~ # esxcfg-module -i usb-storage
    esxcfg-module module information input file: /usr/lib/vmware/vmkmod/usb-storage 
    License: GPL
    Version: Version 1.0-3vmw, Build: 1065491, Interface: 9.2  
    Built on: Mar 23 2013
    [...]
    quirks: string   supplemental list of device IDs and their quirks

    Since the ESXi kernel is based on Linux, I found a clue as to what the various quirks mean: http://lxr.free-electrons.com/source/drivers/usb/storage/usb.c so I tried setting all the available options for a Lexar stick except for 'Ignore Device' (option 'i') with the following command:


    # esxcfg-module -s quirks=5dc:a815:abcdehlnoprsw usb-storage

    I know the module settings took effect because this was logged:



    2013-08-29T21:16:22.137Z cpu0:2489)<6>usb-storage 1-4:1.0: Quirks match for vid 05dc pid a815: 392b1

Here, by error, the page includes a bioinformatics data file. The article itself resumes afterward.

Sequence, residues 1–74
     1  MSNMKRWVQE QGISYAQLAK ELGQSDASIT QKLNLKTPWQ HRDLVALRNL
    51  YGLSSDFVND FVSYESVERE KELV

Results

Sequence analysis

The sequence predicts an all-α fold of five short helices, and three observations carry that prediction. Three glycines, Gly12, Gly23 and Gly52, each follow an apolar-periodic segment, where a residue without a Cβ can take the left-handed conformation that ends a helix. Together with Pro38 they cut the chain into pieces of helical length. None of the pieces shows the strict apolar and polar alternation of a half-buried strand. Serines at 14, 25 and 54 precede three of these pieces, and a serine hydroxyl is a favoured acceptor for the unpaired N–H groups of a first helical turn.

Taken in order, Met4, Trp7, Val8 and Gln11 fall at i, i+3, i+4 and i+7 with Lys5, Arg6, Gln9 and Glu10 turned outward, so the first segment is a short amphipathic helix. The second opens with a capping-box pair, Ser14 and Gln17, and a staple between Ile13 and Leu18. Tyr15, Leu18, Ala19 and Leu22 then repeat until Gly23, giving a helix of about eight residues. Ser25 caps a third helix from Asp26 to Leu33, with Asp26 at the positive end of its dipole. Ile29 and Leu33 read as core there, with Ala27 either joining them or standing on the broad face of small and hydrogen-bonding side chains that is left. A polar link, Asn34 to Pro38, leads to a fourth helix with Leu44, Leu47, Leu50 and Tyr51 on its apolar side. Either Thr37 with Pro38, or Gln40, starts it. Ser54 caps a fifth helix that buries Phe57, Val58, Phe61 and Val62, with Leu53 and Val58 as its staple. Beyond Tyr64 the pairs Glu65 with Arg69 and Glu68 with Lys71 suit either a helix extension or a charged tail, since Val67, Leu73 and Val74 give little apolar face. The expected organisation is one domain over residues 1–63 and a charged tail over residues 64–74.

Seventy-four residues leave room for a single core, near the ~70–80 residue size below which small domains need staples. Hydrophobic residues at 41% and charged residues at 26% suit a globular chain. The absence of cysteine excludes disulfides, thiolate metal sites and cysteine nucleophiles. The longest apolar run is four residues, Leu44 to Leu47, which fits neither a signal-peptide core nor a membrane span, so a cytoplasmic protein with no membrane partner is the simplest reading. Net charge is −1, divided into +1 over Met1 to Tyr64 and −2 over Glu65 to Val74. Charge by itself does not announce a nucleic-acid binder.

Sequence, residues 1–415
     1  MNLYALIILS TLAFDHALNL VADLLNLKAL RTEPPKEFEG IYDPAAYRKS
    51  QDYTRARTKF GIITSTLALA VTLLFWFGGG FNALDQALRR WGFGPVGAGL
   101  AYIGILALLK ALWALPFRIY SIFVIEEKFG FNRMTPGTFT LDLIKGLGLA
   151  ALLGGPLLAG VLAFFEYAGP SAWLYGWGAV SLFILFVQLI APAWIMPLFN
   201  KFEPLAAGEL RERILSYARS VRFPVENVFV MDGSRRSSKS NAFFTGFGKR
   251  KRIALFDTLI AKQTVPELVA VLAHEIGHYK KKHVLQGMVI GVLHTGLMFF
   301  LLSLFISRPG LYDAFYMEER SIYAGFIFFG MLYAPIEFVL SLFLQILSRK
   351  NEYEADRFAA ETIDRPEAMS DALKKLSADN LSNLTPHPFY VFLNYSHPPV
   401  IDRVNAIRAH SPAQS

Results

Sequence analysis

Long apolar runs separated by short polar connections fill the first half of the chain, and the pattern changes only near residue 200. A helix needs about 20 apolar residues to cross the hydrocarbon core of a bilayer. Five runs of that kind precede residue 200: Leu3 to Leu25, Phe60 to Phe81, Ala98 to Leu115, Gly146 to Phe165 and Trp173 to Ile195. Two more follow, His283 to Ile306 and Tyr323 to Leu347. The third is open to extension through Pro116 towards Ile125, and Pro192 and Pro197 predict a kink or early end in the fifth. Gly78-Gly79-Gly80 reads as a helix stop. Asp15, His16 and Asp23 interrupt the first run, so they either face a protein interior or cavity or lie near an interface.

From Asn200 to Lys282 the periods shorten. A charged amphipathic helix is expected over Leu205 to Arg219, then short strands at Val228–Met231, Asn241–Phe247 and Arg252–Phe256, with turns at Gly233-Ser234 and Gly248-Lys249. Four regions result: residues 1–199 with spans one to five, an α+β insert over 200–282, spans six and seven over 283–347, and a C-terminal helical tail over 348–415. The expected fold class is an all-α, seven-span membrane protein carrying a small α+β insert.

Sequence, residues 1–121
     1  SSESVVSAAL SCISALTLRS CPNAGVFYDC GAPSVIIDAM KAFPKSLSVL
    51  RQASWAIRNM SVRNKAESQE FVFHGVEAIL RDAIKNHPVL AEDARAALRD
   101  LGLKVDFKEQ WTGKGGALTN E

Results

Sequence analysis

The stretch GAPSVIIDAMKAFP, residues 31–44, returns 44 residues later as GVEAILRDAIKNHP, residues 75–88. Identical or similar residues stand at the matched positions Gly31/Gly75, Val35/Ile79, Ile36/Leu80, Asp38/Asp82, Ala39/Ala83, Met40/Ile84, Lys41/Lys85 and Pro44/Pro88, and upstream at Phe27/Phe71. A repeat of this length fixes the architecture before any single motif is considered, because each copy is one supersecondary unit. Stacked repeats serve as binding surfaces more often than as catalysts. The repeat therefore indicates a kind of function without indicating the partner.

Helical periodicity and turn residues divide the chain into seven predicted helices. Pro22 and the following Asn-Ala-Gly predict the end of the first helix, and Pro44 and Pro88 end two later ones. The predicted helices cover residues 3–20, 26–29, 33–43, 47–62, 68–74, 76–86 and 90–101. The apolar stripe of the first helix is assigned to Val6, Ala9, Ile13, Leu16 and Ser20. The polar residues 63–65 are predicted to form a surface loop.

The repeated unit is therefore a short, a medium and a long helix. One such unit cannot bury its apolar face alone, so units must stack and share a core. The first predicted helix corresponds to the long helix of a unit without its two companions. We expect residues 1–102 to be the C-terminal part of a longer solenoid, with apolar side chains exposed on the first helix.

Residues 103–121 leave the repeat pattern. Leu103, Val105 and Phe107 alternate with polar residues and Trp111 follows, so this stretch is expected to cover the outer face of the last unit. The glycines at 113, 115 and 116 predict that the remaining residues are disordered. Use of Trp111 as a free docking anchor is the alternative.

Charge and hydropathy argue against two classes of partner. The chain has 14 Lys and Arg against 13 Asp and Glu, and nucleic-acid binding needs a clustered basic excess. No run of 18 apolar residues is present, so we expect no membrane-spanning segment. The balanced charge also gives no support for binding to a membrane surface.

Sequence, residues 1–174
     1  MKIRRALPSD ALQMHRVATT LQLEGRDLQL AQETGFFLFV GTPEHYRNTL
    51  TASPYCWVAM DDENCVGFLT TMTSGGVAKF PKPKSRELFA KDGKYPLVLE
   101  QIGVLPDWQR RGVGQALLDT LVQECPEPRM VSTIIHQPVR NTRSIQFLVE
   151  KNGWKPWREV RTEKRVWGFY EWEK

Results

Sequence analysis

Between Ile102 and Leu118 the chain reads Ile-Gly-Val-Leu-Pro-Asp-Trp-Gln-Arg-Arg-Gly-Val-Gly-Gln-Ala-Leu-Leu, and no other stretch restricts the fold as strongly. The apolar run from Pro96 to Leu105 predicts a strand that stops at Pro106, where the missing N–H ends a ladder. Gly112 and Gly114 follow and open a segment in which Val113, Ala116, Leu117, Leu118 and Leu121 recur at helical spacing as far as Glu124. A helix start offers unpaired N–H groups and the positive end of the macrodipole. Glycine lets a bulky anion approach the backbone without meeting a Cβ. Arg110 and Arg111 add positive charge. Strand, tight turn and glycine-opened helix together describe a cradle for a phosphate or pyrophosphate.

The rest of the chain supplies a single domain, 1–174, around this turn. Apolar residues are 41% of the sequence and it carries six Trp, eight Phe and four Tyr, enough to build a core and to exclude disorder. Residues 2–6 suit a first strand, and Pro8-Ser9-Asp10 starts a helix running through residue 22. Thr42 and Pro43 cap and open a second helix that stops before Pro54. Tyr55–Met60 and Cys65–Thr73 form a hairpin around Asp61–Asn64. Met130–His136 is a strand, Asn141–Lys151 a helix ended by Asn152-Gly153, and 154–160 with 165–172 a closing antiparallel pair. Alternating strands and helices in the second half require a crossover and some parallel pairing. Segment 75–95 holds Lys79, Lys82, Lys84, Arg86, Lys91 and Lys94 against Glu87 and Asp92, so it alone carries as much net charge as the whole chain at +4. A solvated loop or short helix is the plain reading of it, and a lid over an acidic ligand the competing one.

However, even after a reboot of that ESXi host, there was no change in the behaviour :( Boo! Let's hope that the kernel with vSphere 5.5 is a little more forgiving!


    Thursday, 22 August 2013

    Shrinking a Windows boot drive in AWS

    I recently deployed a couple of Windows domain controllers from a CloudFormation template and only after I'd done reasonable work to them did I realise that the boot drives were 100GB rather than a more sensible 40GB.

    Now, that additional 60GB isn't exactly going to break the bank (it works out at about £50 per year) however I'm committed to provisioning the correct size. 

    I investigated a few different options for shrinking the Windows boot drive in AWS and this is the one that I found to be the most clear.

    In this walkthrough I'll be working on hostname DC01 as the Windows machine in question

    AWS Console

    • Take a snapshot of DC01

    Windows

    • Start -> Administrative Tools -> Computer Management -> Storage -> Disk Management